(Typing very softly, so as not to disturb those in deep meditation. . .)
Greetings to all the participants in the 21-day global Usui Virtual Retreat. I hope you're enjoying your own daily personal Reiki practice even more than usual during the retreat -- I know I am. Many thanks to virtual retreat founder Mari Hall for starting and keeping the retreat going for the past 13 years, and to this year's host, Pamela Miles, for the lovely meditations and guidance she's provided to enhance the experience for us, as well as the discussion forum available on her blog. And thanks, Pamela, for inviting me to contribute a guest post!
This week as we focus on the topic of "Reiki as a Healing Practice," my own emphasis is on the foundation: personal practice, or self-care. To me, that is the most important component of the system of Reiki. Our personal practice helps keep us grounded and balanced, and that is what makes it possible for us to help others. Yet I find that many practitioners have difficulty establishing and maintaining a daily personal practice. They say they can't find a way to work a regular self-care session into their busy (and irregular) schedules, or they're so focused on taking care of others that the idea of taking a few minutes for themselves feels unfamiliar, even uncomfortable.
Frankly, I think that tendency to put ourselves at the bottom of our priority lists is more likely to be the reason: many people who learn Reiki are already caregiver types, whether by personality, circumstances, or both. Yes, it does seem that life gets more hectic and unpredictable all the time, but that's all the more reason to maintain a regular personal practice.
I was fortunate that when I first studied Reiki, my teacher, Margaret Ann Case, made a point of recommending that we take what we'd learned in that first weekend class and put it into practice regularly for 21 days straight. I've since heard different takes on whether Usui himself specified 21 days, but that was the length of his own legendary retreat on Mt. Kurama, and whether or not he recommended that specific time period to students, the fact is that it works. Do anything for 21 days in a row, and it becomes a habit.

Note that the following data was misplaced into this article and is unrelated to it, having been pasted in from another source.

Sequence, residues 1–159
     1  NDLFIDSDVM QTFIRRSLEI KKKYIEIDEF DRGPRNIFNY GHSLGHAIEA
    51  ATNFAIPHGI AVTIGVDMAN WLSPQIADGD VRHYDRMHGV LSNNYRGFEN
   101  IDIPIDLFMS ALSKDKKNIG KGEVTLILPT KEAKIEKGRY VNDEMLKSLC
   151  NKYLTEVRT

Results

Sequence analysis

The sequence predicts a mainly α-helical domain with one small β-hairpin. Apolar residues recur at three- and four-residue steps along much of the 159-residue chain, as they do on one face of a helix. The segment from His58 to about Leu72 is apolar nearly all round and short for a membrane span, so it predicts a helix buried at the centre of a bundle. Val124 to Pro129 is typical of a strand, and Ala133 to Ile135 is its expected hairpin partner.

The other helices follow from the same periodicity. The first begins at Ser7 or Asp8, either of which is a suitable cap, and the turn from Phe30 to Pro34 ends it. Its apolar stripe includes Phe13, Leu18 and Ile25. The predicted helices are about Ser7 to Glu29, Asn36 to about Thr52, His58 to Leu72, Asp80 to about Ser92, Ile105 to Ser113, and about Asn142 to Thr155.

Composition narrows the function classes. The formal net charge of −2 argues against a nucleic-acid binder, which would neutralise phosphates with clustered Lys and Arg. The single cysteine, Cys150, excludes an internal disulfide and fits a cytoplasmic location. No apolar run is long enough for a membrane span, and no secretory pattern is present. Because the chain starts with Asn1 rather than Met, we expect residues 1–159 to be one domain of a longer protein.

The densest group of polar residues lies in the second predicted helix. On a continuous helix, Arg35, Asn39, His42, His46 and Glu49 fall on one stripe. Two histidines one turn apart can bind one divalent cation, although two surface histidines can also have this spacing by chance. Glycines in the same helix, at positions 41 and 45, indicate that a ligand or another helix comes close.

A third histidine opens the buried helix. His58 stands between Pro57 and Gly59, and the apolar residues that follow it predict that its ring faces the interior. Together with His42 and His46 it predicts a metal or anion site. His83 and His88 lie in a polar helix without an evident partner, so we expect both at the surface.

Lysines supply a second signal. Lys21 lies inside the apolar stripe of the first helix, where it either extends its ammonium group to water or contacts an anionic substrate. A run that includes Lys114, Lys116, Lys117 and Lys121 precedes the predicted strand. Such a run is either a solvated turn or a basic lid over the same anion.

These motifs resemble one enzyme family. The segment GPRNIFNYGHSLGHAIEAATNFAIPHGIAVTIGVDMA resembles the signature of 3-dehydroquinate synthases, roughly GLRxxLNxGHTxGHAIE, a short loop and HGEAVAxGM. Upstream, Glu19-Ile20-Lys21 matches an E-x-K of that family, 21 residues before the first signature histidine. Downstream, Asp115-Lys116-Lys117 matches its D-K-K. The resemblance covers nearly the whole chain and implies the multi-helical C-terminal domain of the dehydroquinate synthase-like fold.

But it's not just me saying that daily personal practice is important: Mikao Usui made it clear as well in his preface to the Reiki precepts. Here's Hyakuten Inamoto's translation of that:
"Do gasshô every morning and evening
Keep in your mind and recite."
I am not qualified to translate from Japanese into English, so this is just my own speculation, but I like to think that Usui meant not only that we should practice morning and evening, but from morning to evening -- that is to say, all day long. Whether that's what he meant or not, however, that's what works for me.
I begin and end my days with personal practice, but I find opportunities all during the day to work in a moment or two here and there. I think of it as something I once did when I worked in radio: continuity.
In radio broadcasting, the worst thing that can happen is silence, or as they say in the trade, "dead air." Listeners have no way of knowing if a station is broadcasting "dead air" or if they've lost the signal. So a lot of attention is paid to what they call continuity: making sure that all the little components such as station identification, jingles, ads, announcements, are smoothly interwoven with the rest of the programming. When I studied radio drama many years ago, I got to choose to work with any part of the production I wanted. I chose continuity, and that meant that while other students were focused only on their specific part of the program, my specialty was all the little connecting parts, so I had to -- and got to -- pay attention to the whole production.
I use the concept of continuity in my daily Reiki practice by trying to avoid any "dead air" in my day. If I'm riding the bus or the subway, doing the laundry, standing in line or walking down the street, I'm also practicing Reiki. Sometimes I have the privacy and luxury of a little hands-on self-care, but more often I just focus on my breathing and remind myself of the precepts while I'm going about my business. I doubt anyone ever notices -- except me. I notice because I can see, and feel, how much it helps me get through the day.
And if I'm having a particularly difficult day, or if I just can't seem to focus on the task at hand, I find that if I take a few moments away from my work for an impromptu personal practice session, I return to my task in better shape and I'm able to get much more done than if I had kept slogging through without a break.
By the time I get to my evening practice session, I don't feel like I'm getting back into what we practitioners sometimes call "the Reiki space." I feel like I've been there all along.
So if it seems like there's no room in your crammed schedule for regular Reiki practice, look again. Look at all those little spaces in between, and take advantage of them, even if you only have time for a breath or two. Hawayo Takata is said to have told her students, "A little Reiki is better than no Reiki." To that I would add, "A little Reiki, and then a little Reiki, and then a little more Reiki, throughout the day, is better still."